The new book offers five foundations for business success
For years, David Mitchell has coached companies and business leaders to succeed by helping them create the tools and processes they need to make a business successful. Learn the secrets of why businesses succeed, why customers stay loyal or leave, and how to be an effective business leader. Unfortunately, it would be impossible for him to train all companies, so he has now written Building Your Booming Business to share the top strategies companies need if they want to get ahead and stay in a competitive market. And surprisingly, it’s not just about making a profit or even having a better product.
Mitchell guides the reader through what he calls The Five Pillars of Business that are necessary for any company, no matter how large or small, to succeed in today’s business world. I don’t think I’m revealing too much or surprising anyone by stating what those fundamentals are: marketing, management / leadership, operations, finance, and systems and controls. But what makes this book stand out is that Mitchell knows to keep all of these foundations strong at the same time. He likens this to trying to spin the plates, and if not done right, one of your plates or foundation can collapse and cause the entire company to fail. Mitchell guides readers through the process of making sure they have the foundations in place and the equipment to keep the foundations strong.
Mitchell’s discussion of each foundation is divided into several chapters that cover topics such as determining your target market, building a miracle team, the hidden marketing secret, knowing your company’s financial score, and how to avoid over-systematization. Mitchell then dedicates a section to asking the reader to be introspective and observe their own personal success habits. Even if the five foundations are established for a company, they are only as strong as the people behind them. Mitchell asks his readers to consider what it really means to be a leader, he explores how to motivate yourself, the importance of taking care of yourself outside the workplace, and how to follow through so your business and personal life thrive.
One of my favorite parts of the book was when Mitchell talked about leadership and divided it into its different types: directive, supportive, consultative, and empowering. Then he discussed each one. For example, describe the managerial leadership style by saying:
“I heard that the managerial style is described as the ‘John Wayne’ leadership style – telling the team exactly what to do and when to do it. Many leaders prefer this style because it is the easiest. It is also the most stressful because the leader leads the way. cargo and all knowledge. “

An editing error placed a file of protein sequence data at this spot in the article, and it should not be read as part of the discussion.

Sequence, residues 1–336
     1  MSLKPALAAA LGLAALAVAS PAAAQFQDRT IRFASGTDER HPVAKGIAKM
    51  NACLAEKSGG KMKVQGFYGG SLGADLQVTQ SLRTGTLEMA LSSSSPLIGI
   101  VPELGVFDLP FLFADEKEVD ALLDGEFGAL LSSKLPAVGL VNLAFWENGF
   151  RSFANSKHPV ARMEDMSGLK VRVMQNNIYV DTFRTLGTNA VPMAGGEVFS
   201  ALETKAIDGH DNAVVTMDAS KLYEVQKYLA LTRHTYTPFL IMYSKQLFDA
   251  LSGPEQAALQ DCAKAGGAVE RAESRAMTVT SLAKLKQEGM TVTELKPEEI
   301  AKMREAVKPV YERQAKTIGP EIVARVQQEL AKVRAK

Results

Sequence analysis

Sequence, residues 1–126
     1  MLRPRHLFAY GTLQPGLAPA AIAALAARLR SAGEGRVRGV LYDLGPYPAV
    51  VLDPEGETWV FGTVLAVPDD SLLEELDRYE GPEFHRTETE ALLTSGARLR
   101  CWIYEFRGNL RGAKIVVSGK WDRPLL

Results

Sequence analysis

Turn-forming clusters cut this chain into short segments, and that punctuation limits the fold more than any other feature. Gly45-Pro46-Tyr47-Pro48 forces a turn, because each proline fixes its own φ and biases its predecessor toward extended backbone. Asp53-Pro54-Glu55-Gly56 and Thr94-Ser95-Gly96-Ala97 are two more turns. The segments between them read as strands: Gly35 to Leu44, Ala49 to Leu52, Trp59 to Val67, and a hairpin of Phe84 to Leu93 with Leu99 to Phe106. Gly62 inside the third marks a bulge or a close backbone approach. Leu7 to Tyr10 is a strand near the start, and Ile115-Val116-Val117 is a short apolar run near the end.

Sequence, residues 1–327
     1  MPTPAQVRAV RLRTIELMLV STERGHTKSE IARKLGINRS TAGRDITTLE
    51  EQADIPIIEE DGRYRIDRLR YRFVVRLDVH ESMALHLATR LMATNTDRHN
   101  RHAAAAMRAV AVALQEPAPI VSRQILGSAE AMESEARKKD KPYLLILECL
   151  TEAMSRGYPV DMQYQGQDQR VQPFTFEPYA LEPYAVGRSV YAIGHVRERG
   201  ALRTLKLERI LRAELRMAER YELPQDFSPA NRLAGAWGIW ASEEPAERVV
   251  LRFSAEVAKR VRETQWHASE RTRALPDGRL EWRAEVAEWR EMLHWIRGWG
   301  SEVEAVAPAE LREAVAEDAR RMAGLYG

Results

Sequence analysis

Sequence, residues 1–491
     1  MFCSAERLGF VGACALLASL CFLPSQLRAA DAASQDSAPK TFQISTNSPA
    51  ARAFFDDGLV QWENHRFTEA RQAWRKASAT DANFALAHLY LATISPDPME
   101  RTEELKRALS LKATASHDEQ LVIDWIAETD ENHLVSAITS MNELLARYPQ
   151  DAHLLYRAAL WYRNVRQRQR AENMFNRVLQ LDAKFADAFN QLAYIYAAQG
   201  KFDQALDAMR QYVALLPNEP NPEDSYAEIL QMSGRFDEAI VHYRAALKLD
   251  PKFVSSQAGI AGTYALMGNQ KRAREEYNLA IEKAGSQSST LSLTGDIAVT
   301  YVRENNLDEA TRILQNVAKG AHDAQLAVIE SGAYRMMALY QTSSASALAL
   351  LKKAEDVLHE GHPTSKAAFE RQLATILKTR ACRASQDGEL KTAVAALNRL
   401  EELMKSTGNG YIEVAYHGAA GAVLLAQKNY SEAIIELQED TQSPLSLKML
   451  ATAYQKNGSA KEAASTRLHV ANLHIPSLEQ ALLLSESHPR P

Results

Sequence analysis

However, while the managerial style has its flaws, Mitchell points out that it is the best style in certain situations:
“Managerial leadership is best used when the leader has all the information, while the team has very little, such as when forming a team for the first time or while training a new employee. We will go into team development and how it fits in. the managerial style later. For now, know that this is a ‘micromanagement’ style.
“Leadership is also best used in a disaster or emergency situation when there is little time to collaborate and discuss a solution. First responders are taught the leadership management style: do not ask or beg someone to seek help; tell them what to do. make.”
Consequently, Mitchell confirms that there are no easy answers as to which leadership style is better or worse. Each has its strengths and appropriate place depending on the leader, the team, and the business, and the appropriate style may change as the business and team change or evolve. At the end of this discussion, Mitchell offers an insightful quiz to help the reader determine which style he uses most often and also to determine when and how to switch to a different leadership style.
Beyond the facts and strategies Mitchell presents, I appreciated his sense of humor and his personal stories. He’s not afraid to tell it like it is, such as why “holy cows” often need to be eliminated from a business. He uses personal examples, including from his first business experiences mowing grass, as well as more recent ones, such as discussing why the taco place he frequents is seldom advertised but always crowded, and why he keeps going there for more. He tells stories of companies he has helped, exploring both what they were doing wrong and how they finally got there. He even explains why he isn’t going to get a free massage from the place that gave him a coupon, but why he loves the place where he changes his car oil.
All of these stories and strategies reveal that Mitchell is a real person who understands the customer experience and the difficulties of running a business. His ability to see situations from both sides qualifies him to help companies better understand their customers, leaders better understand their teams, and readers better understand what they need to do to build a booming business. And Mitchell shares it well on these pages. Building your booming business is a safe start, whether you want to start a business or take it to the next level or beyond.